Posted By: Alex - Sat Apr 10, 2021 - Comments (2)
Category: Patent Medicines, Nostrums and Snake Oil | Cows | Hair and Hairstyling

10-Four, Good Buddy Board Game

Did any fad ever evaporate as quickly as CB radio?

Learn details here.

Posted By: Paul - Sat Apr 10, 2021 - Comments (3)
Category: Fads | Games | Motor Vehicles | Technology | 1970s

April 9, 2021

Marilyke Fashion

In 1953, Reverend Bernard Kunkel of Bartelso, Illinois launched the Marilyke fashion movement. Dresses that were sufficiently modest, like the Virgin Mary would have worn (i.e. 'Marilyke'), were given a seal of approval in the form of a Marilyke tag they could display. The tags were "there to guide the Catholic girls."

It seems that only wedding dresses and formal gowns were tagged. As Kunkel noted, "There's not much to be done about bathing suits... We strongly disapprove of the trend in modern bathing suits."

More info: Aliens in this world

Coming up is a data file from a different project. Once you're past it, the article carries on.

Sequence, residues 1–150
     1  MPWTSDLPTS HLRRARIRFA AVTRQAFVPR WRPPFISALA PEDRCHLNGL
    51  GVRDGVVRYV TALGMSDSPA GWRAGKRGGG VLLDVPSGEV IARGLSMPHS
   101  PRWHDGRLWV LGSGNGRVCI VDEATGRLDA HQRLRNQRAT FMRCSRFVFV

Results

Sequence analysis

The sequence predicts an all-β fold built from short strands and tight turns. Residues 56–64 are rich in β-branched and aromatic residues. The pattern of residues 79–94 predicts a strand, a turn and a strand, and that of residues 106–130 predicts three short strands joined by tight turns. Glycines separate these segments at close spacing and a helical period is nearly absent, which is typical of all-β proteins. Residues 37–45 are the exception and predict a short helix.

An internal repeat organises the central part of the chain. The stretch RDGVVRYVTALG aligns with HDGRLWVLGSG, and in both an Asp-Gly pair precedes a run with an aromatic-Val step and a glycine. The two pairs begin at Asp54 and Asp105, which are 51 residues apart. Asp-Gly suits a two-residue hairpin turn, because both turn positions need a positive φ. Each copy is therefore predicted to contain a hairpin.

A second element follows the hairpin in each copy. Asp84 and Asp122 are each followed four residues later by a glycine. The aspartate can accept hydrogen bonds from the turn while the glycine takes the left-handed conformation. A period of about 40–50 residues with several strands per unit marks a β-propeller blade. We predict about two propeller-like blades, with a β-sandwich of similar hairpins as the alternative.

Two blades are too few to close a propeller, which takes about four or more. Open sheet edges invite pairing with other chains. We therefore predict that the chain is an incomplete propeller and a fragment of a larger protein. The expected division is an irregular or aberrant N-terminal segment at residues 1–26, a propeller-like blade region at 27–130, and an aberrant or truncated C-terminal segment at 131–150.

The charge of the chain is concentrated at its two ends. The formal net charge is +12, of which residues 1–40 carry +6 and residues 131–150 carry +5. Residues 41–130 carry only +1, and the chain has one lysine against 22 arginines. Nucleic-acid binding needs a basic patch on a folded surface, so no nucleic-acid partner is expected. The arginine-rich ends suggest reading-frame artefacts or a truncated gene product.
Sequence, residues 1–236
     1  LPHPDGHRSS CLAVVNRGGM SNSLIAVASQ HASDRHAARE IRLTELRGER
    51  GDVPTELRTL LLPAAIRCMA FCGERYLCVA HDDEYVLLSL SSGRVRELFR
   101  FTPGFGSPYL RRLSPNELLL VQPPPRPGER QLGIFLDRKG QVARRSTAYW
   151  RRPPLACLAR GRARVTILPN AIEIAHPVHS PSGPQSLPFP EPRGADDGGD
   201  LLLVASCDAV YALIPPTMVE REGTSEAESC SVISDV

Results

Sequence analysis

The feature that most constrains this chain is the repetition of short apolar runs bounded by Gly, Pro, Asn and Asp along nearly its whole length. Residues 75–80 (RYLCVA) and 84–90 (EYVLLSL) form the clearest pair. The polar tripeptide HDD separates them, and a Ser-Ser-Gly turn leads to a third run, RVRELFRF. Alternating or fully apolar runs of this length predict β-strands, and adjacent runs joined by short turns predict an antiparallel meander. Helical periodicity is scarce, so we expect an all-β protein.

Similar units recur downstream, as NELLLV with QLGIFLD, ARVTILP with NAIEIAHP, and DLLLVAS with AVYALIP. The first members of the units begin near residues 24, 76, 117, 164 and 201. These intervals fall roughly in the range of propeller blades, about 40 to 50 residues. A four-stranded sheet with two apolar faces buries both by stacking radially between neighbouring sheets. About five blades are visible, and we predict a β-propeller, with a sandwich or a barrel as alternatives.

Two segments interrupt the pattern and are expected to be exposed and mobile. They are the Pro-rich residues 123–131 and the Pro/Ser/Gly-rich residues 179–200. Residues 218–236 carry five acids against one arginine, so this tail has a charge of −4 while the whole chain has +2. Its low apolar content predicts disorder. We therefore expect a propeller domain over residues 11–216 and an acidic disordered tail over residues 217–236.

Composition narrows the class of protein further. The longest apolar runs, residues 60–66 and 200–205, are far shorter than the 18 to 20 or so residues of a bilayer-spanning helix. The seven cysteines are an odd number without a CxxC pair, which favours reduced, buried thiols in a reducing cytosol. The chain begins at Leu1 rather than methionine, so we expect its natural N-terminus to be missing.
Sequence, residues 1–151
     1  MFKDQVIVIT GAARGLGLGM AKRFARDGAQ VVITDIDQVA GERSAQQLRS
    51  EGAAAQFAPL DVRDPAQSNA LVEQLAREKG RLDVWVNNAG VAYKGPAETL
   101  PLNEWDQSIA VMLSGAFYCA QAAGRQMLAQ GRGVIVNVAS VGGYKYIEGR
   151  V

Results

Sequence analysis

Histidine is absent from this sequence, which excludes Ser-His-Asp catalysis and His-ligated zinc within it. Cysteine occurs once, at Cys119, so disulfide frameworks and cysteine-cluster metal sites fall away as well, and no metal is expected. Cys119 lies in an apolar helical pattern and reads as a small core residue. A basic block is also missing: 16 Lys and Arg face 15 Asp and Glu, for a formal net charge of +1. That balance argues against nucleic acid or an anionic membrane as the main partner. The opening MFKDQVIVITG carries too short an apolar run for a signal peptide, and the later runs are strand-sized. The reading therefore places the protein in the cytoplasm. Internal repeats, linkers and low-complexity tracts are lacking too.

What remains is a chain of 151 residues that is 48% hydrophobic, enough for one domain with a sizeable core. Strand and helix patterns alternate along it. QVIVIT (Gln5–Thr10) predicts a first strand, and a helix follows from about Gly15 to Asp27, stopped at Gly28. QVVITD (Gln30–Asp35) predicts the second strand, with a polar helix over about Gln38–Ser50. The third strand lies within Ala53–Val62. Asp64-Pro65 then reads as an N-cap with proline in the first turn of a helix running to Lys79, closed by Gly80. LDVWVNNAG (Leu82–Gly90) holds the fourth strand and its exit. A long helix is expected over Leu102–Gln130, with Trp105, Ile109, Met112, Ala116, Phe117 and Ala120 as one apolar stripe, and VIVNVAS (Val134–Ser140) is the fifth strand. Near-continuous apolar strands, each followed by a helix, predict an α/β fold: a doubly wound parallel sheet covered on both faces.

source: University of Dayton

Detroit Free Press - June 13, 1955

Posted By: Alex - Fri Apr 09, 2021 - Comments (3)
Category: Fashion | Religion | 1950s

The Mimi Award

The Wikipedia entry for MECHANIX ILLUSTRATED tells us:

A long-running feature of Mechanix Illustrated was "Mimi," a shapely young woman dressed in skimpy overalls with blue and white vertical stripes; and, in the early sixties, a matching railroad engineer's cap (later discontinued). She was in a picture holding, standing beside, sitting on, lying on or just in the picture with a new product each month. Each "Mimi" held the job for a year. Their names were never given except for the announcement of a new "Mimi" in the January issue. One Mimi did, however, hold the job for a few years in the sixties. An actress from Southern California, she left to live in Hawaii, and a readers' poll was conducted to choose a replacement from a short list. The readers' choice only lasted a short while, and was replaced by one of the runners-up. "Mimi" was discontinued with the change to Home Mechanix.

Ten more Mimi's after the jump.

More in extended >>

Posted By: Paul - Fri Apr 09, 2021 - Comments (3)
Category: Hobbies and DIY | Magazines | Technology | Sex Symbols | Twentieth Century

April 8, 2021

Avoid Undie Odor

Throughout the 1930s and 40s, the marketing team for Lux soap repeatedly warned consumers that if they didn't wash their clothes everyday, they risked having "undie odor". Some details from Suellen Hoy in her book Chasing Dirt: The American Pursuit of Cleanliness: